School violence has been reflected in various dramas and movies, but real life bullying cases are even worse than on-screen portrayal.
“The Glory”, starring Song Hye Kyo, is one of the hottest K-dramas at the moment and has been creating much buzz since season 1 was released on December 30th. It follows Moon Dong Eun (Song Hye Kyo), whose soul was shattered by brutal school violence in her childhood. She spends her entire youth preparing for revenge on the perpetrators.
Compared to other K-dramas, “The Glory” depicts the brutality of school bullying in Korea so realistically that some viewers wonder if the reality is as harsh or it was exaggerated to increase the drama’s tension. In fact, the disturbing bullying scenes in “The Glory” are actually based on real-life stories.
Real life stories are just as terrifying as what’s shown in “The Glory”
In the recent broadcast of MBC’s “News High Kick”, Choi Woo Sung, a school trustee at the Gyeonggi Suwon Education Office specializing in overseeing cases related to school violence, appeared as a guest. When asked if the scene where Moon Dong Eun is brutally bullied in “The Glory” with a hot curling iron is based on a true story, Choi replied, “Actually, reality is much worse.”
The triggering bullying scenes in “The Glory” are inspired by a terrifying school violence case that happened 17 years ago in Korea. It is known as the “hair iron bullying” case that took place at an all-girls high school in Cheongju in May 2006.
Backing up his remark, Choi cited official documents. Accordingly, in 2006, a group of bullies at a middle school in Cheongju reportedly tortured a student for about 20 consecutive days. The group led by Kim, then just 15 years old, beat up victim “A” with a baseball bat, burned her arms with a hair iron, and used clothespins to clip her chest.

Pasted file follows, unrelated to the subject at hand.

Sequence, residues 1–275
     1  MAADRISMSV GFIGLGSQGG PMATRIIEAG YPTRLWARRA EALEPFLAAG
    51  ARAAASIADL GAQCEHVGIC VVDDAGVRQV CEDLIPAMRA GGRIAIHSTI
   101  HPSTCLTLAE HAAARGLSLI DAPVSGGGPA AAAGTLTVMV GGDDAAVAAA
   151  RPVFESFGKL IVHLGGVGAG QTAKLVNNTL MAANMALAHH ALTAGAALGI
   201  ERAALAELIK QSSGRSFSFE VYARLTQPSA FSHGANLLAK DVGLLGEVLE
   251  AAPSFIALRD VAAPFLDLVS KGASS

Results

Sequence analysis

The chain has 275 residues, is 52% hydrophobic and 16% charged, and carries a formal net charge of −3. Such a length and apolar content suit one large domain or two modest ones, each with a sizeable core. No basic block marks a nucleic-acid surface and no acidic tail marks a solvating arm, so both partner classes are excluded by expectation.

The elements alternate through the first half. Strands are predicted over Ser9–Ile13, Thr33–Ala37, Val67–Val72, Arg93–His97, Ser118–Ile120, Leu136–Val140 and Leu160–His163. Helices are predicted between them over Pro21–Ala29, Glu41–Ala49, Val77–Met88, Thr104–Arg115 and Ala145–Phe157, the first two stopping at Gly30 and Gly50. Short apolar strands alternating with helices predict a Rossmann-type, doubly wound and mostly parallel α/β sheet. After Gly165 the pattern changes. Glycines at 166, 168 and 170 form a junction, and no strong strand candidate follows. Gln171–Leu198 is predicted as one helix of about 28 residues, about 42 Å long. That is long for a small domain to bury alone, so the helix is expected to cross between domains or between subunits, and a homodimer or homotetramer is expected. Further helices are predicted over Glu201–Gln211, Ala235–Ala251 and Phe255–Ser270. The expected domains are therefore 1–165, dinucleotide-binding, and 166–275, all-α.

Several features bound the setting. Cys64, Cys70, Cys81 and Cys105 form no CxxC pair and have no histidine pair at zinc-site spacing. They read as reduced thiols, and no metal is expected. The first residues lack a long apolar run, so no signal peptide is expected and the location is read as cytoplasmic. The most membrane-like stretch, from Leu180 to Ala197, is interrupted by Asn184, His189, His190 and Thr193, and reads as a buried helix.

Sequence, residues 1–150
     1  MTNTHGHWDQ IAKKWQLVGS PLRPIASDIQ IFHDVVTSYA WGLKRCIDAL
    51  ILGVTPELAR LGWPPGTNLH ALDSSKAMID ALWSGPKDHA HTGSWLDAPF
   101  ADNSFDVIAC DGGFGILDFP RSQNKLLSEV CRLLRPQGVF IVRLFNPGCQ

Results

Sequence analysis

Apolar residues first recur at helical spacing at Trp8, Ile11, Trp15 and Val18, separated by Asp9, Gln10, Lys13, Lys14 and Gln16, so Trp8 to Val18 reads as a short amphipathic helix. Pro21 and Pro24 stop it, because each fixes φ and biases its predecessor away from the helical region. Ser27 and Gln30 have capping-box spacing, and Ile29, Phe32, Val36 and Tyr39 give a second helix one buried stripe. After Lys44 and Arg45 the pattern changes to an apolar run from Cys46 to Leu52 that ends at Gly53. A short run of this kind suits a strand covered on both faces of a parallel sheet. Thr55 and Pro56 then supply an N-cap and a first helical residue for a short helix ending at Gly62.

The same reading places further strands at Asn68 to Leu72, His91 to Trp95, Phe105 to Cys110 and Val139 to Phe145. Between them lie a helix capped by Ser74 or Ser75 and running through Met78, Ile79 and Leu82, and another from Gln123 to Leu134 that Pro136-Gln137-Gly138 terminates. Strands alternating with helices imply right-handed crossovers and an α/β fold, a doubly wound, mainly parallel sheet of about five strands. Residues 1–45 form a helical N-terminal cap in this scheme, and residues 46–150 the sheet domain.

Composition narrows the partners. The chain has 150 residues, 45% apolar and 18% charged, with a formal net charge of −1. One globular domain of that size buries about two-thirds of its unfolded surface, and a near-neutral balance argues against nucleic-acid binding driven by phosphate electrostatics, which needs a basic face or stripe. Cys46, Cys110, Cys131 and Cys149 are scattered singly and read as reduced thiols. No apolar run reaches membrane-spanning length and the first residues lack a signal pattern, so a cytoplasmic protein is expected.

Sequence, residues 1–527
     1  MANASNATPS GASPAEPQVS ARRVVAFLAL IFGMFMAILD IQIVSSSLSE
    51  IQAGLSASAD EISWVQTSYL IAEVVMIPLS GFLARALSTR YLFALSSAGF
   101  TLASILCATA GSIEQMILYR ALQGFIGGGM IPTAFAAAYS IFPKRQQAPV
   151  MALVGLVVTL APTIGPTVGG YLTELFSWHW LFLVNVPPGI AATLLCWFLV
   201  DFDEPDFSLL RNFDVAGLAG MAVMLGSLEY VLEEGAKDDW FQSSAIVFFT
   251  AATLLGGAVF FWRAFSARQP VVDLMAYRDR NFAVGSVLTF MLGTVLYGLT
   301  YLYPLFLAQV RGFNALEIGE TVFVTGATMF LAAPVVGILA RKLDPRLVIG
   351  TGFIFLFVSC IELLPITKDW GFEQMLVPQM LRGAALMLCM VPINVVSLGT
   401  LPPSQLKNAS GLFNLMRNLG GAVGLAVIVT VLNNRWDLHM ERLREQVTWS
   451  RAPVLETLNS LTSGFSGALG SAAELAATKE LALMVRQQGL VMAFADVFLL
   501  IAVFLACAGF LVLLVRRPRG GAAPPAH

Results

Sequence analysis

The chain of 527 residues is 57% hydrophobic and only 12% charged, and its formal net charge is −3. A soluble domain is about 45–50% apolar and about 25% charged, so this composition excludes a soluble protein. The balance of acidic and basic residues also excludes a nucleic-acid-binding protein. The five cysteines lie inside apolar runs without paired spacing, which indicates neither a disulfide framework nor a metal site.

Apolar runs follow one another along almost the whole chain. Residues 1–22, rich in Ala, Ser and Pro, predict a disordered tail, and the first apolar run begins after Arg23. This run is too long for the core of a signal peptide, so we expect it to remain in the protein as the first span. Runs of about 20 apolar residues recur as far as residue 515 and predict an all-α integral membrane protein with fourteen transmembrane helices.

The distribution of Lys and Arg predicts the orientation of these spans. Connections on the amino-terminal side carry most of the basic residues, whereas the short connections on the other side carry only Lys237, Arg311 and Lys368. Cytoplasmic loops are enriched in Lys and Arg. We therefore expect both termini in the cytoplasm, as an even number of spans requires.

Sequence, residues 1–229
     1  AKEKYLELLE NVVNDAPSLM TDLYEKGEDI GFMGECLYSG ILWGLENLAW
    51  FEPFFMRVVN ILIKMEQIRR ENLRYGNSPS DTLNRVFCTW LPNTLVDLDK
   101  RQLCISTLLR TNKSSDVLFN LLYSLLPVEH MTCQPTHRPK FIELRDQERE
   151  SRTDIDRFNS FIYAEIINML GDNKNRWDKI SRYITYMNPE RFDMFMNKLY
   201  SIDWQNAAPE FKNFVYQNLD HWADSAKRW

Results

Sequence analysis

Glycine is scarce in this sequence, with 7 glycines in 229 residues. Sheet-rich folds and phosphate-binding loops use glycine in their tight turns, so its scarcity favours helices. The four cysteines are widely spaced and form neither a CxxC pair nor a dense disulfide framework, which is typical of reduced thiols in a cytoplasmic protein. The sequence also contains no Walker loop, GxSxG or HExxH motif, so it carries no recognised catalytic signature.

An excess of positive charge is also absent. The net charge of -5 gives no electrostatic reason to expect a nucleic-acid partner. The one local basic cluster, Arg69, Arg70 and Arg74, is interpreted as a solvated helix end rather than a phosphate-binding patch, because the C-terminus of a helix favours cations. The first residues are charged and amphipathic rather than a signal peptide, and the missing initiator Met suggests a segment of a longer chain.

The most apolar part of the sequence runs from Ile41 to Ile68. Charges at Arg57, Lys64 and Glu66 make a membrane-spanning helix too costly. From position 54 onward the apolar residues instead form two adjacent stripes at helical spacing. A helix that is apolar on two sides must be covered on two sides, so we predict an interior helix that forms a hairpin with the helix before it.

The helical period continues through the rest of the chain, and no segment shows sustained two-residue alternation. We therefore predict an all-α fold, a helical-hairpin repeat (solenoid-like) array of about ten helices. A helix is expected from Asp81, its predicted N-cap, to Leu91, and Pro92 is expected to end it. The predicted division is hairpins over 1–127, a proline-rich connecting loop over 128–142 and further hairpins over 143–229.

Choi shared, “At that time, the victim suffered severe burns. Her tailbone came out. She needed to be hospitalized for 5 to 6 weeks. The perpetrators also confessed that they hurt the victim by using their fingernails to peel off young scales of skin on her scars.”
Choi also cited several other cases of violence involving minors at many other high schools in Korea.
For example, the bullying case at Yangsan Girls’ High School in 2021 about a foreign student being assaulted by a group of local middle school students. What’s more infuriating is that the perpetrator even filmed the victim and posted the video online.
In 2020, the bullying case at Cheonghak-dong dorm also shocked Koreans when the victim was forced to drink urine by a group of female students after they inserted objects into her body.
Most recently, the sexual assault case in North Gyeonggi in 2022 shocked the whole of Korea. A 12-year-old boy sexually assaulted a 9-year-old girl on a block of snow he made to look like a bed.
What makes these stories more haunting than they already are is that, according to Choi, most of the perpetrators are under the age of 14, an age that is still protected by the Korean criminal law.
“In all these cases, some or all of the perpetrators were minors under the age of 14, so there is a limit to their penalties. I agree that the standard age in punishment of minor offenders should be gradually lowered, as perpetrators are getting younger and their crimes are becoming more sophisticated and violent. At the same time, we need to work hard to prevent such incidents from happening in the first place,” said Choi.
Private school teachers ignore bullying in fear of parents